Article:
• Education: whether it be for yourself or a family member, a higher education is very expensive, even at the community level. A cash-out refinance can cover the tuition costs and more, allowing you to position yourself or someone you love in a better position to earn. It can help you rely less on other financing methods to cover the related fees and expenses. It is projected nearly 40% of students with student debt will go into default by 2023. Student debt generally cannot be discharged through bankruptcy & when student debt is forgiven the entire amount is typically counted as income in the year the debt is forgiven, which means one owes income taxes on a lot of income they never received.
  • Additional properties: a second home, or even a rental property is often the way funds from a cash-out refinance are directed. Using the money to cover a down payment and closing costs can help a homeowner grow their real estate portfolio, spreading the cost over time at a lower interest rate.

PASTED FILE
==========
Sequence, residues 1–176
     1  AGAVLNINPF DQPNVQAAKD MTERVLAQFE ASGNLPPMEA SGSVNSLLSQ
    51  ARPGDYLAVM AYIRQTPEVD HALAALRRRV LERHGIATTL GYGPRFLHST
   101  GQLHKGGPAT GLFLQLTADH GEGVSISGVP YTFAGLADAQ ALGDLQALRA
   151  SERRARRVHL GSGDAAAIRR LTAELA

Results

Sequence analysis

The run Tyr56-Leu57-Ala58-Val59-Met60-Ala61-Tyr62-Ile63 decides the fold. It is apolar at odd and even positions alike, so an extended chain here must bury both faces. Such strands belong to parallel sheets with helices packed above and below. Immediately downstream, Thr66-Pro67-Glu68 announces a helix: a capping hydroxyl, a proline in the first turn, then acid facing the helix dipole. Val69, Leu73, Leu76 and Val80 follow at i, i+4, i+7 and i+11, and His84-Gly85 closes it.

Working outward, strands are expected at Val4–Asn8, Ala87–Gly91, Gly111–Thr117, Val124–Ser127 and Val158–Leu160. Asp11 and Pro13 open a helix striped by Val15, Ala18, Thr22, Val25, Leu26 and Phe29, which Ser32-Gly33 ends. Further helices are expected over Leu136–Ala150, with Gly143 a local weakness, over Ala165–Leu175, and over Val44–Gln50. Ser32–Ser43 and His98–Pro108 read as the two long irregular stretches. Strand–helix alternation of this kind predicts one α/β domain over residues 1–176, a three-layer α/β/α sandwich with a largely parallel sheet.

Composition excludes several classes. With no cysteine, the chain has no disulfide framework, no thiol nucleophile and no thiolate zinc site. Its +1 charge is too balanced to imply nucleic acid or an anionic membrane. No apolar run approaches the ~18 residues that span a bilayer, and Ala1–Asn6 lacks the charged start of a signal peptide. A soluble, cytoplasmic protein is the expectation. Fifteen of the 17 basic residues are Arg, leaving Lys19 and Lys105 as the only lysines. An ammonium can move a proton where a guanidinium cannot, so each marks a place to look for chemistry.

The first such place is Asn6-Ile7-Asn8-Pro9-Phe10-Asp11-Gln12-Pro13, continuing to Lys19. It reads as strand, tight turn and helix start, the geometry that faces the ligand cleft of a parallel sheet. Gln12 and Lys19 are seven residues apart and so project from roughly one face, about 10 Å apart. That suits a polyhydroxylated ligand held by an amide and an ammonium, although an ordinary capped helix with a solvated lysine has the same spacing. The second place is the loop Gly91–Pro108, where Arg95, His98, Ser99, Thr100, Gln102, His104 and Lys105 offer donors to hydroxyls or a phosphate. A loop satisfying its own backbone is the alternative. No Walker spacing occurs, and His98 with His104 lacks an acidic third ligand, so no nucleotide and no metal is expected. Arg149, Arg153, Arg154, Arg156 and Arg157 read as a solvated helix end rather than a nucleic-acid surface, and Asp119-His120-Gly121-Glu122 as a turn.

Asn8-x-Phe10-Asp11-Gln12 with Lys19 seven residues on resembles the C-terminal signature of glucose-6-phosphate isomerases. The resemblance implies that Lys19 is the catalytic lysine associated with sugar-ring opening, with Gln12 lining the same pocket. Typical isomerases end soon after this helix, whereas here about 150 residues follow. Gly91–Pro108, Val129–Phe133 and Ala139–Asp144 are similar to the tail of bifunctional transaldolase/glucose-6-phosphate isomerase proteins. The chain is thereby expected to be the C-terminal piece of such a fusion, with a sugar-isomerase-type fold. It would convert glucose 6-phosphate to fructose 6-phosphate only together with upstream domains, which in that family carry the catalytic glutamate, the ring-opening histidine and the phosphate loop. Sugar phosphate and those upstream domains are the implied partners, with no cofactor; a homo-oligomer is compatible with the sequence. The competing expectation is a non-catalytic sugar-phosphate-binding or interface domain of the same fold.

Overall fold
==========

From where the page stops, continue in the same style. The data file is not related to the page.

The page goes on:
• Cash reserves: a popular option with small business owners, tapping your home’s equity when the market conditions are good could allow you to put away a “rainy day fund” to help you weather any future tough times or unplanned emergencies.

While these are only some of the uses, keep in mind that you can use the funds for anything you decide. You should approach it with caution however, as tapping into your home’s equity this way for cash is not always going to be your best bet for financing.

Comparing Popular Options